That must have been really fun to shoot.

It was a lot of fun, I realized how unfit I was. I had to dance a lot, but it was really fun. My mates who came and were a part of it, they acted in the film and I was so stoked and happy that they did. I think it’s going to be really fun.

You’ve worked with some pretty well-known producers and DJs. Have any of them given you any particularly good advice, or acted as mentors for you?

I have a favorite book, it’s by Oscar Wilde and it’s called The Picture of Dorian Gray, and one of the best quotes in there is, “Every experience is of value.” So no matter what I’ve done, in particular the collaborations—a lot of them have actually been across the world via email, me going into a studio where I am and sending over the fresh vocal files, and then that DJ or producer working it up and then going back and forth. Which is awesome, because not all of us are able to afford to fly to Turkey and write a song and stuff.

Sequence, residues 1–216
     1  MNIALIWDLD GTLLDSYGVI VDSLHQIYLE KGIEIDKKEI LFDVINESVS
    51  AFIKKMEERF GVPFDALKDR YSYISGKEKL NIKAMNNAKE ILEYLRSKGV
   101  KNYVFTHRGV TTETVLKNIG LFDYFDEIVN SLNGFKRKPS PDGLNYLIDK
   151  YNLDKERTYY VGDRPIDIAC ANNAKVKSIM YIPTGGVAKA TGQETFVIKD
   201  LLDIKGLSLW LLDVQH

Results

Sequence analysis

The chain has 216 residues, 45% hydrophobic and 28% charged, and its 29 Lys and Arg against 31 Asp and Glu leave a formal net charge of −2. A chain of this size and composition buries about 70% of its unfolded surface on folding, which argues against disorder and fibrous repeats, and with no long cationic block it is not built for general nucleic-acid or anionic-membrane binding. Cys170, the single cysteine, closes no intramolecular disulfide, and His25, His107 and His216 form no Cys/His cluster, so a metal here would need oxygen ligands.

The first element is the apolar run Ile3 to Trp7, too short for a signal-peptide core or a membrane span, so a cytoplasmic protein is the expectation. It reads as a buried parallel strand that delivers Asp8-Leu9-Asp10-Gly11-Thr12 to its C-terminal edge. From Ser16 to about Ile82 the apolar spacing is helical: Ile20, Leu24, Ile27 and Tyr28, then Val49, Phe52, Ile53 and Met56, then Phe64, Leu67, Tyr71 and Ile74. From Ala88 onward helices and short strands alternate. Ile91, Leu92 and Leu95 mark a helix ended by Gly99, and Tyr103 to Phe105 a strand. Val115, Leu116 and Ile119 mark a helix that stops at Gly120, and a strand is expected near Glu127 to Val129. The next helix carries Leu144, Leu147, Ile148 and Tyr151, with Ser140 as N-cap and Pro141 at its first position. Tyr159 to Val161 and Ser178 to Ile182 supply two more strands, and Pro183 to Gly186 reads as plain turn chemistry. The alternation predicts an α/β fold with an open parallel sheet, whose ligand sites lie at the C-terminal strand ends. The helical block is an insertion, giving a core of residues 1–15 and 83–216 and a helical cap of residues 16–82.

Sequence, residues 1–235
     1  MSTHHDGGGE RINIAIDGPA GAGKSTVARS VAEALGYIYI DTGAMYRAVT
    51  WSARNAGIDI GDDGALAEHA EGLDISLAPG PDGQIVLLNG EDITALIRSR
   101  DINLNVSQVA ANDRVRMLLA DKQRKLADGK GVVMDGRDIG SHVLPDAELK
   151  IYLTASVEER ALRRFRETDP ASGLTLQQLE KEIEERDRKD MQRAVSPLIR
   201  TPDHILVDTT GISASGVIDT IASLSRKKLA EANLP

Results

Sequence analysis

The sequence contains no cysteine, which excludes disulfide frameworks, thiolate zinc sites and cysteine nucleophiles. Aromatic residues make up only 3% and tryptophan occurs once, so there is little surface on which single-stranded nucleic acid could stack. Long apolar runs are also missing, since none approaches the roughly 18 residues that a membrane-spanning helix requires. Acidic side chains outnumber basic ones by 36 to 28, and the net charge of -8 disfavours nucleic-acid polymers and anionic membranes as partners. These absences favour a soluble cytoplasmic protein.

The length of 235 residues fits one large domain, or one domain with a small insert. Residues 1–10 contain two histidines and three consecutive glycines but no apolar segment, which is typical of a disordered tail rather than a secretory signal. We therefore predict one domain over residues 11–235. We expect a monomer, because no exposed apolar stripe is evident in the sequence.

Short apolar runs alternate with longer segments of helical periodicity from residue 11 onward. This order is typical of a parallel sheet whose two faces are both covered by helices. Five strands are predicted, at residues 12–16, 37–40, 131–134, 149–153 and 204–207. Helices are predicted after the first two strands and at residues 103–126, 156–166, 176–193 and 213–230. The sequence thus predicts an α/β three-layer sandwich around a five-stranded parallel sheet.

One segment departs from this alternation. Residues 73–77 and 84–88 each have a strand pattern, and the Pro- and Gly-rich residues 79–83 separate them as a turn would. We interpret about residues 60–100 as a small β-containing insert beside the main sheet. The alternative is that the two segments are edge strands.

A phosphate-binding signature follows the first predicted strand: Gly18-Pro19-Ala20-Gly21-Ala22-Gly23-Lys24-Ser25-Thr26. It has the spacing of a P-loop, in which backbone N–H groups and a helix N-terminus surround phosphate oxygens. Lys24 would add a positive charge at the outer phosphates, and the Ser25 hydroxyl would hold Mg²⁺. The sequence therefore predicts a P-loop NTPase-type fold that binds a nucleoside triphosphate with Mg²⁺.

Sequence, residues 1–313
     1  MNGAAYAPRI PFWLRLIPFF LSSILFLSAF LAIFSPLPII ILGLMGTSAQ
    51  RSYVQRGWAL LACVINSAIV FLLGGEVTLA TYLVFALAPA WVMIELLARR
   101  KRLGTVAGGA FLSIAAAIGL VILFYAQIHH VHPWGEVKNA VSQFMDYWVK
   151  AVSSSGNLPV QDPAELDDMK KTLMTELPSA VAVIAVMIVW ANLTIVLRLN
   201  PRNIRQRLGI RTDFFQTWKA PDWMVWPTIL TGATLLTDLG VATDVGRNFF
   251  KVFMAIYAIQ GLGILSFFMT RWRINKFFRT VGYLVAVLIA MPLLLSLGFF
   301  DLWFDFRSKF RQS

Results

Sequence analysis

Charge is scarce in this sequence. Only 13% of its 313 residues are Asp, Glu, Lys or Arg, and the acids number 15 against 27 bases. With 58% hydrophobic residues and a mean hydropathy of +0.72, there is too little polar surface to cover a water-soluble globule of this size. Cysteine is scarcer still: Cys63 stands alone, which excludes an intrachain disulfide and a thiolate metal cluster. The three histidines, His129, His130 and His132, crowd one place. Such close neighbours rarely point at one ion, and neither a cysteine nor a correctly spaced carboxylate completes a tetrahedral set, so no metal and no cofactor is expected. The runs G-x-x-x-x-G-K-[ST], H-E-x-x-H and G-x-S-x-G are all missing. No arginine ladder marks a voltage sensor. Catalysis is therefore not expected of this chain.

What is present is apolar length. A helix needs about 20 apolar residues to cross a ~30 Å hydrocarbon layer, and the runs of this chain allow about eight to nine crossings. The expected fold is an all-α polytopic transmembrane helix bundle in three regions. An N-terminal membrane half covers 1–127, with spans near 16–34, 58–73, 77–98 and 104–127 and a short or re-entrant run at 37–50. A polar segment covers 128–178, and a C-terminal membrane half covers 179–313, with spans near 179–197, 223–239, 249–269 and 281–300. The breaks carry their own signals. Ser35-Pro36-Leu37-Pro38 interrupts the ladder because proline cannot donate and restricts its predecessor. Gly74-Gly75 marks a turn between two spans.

I think I’ve learned a lot of patience, learning to work with people. If they send me something that maybe I’m not super stoked on necessarily because it’s too produced, [I’ve learned] not to jump the gun and say, “Oh, no, it doesn’t need a vocal,” but if I really do love the song, say, “Hey, can I get a raw version, less instrumental on it, just the bare bones, because I’d love to try and write something.” A lot of DJs and producers, they make music and the last element they think of to add on to the song, for the most part, is the vocals. So a lot of requests I get sent over, the songs sound complete, so much that there are all these melodies on there that limit how much I would sing on it. So it makes it difficult. But if they’re if they’re willing to work together to make it more minimal so more melody can come through with the vocals, I love doing that, rather than just saying “No” straightaway. I’ve learned to be more patient and more understanding. Production-wise, if I’m ever in the room with them, I’m learning all these different shortcuts on how to do this edit or this, or learning how to produce myself. Which I do, I’ve produced all my music.